As the age of patients with new-onset diabetes decreases, the effects on the working-age population, and therefore on society and the economy, increases. In 2017, the estimated indirect cost of diabetes in the U.S. was $90 billion.2 This number represents lowered work productivity and increased absenteeism among the employed, as well as reduced productivity for the unemployed and those who are unable to work due to disease-related disability.2 This cost is rising as we continue to see more working-age patients seeking care for diabetes-related complications.
Despite advancements in medicine over the past two decades, DFUs continue to be a significant problem. Complications from DFUs are a leading cause of lower extremity amputations; it is estimated that 85% of all non-traumatic lower extremity amputations are a direct result of DFUs.5 It is well documented that amputations have a negative long-term effect on patient function, quality of life, and mortality.
Clearly, the impact of the diabetes epidemic is wide-reaching and compounding, particularly as the age of the affected population trends lower. Increasing the number of effective wound care therapies available to this patient population would decrease disease-related complications while increasing healing rates and the patients’ overall quality of life.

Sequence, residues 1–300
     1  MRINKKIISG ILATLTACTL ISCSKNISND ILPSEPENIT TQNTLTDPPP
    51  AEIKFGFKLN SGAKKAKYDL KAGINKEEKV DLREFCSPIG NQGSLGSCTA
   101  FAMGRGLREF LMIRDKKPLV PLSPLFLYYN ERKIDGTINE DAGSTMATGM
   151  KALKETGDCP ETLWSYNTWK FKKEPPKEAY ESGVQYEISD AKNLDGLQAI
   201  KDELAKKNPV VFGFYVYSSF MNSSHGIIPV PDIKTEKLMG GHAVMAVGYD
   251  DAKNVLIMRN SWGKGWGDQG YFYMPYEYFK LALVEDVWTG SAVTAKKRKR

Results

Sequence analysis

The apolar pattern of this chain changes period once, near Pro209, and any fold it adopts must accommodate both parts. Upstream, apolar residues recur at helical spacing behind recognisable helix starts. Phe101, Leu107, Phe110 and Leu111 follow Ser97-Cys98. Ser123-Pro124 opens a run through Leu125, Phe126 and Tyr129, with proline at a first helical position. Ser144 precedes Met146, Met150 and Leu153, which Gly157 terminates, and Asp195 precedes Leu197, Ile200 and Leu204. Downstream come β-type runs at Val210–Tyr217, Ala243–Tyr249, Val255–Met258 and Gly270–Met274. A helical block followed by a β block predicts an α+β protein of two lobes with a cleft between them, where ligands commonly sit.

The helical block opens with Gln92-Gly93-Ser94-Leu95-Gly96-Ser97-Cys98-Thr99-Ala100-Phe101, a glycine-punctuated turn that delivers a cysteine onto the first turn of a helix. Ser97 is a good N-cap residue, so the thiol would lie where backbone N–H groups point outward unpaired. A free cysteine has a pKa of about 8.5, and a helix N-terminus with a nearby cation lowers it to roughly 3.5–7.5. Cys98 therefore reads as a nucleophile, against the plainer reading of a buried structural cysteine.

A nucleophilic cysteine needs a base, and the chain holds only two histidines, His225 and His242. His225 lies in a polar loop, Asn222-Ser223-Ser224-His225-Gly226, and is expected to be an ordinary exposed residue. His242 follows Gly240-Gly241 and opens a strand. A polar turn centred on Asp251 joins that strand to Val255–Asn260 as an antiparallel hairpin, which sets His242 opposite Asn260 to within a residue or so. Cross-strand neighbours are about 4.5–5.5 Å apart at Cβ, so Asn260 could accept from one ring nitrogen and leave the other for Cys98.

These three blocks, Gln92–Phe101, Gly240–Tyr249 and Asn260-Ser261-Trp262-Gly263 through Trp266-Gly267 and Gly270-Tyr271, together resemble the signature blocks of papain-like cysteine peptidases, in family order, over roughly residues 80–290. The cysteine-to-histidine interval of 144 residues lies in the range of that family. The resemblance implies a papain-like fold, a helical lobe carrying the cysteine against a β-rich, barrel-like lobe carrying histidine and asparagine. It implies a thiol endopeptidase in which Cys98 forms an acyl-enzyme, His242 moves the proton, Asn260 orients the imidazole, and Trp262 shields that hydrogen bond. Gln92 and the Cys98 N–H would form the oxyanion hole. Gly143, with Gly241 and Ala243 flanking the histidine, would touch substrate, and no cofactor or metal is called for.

Advances in Amnion for the Treatment of DFUs
In recent years, cellular- and tissue-based products (CTPs) have emerged as one of the most promising groups of advanced wound care therapies for the management of DFUs. This category of advanced therapies supports cellular functions essential for wound healing. The ideal CTP is non-toxic, has no antigenicity, is immunologically compatible, and does not transmit disease. Broadly, CTPs can be categorized as autologous grafts, scaffold grafts, living cell grafts or amniotic tissue grafts—these last are derived from human placental tissue.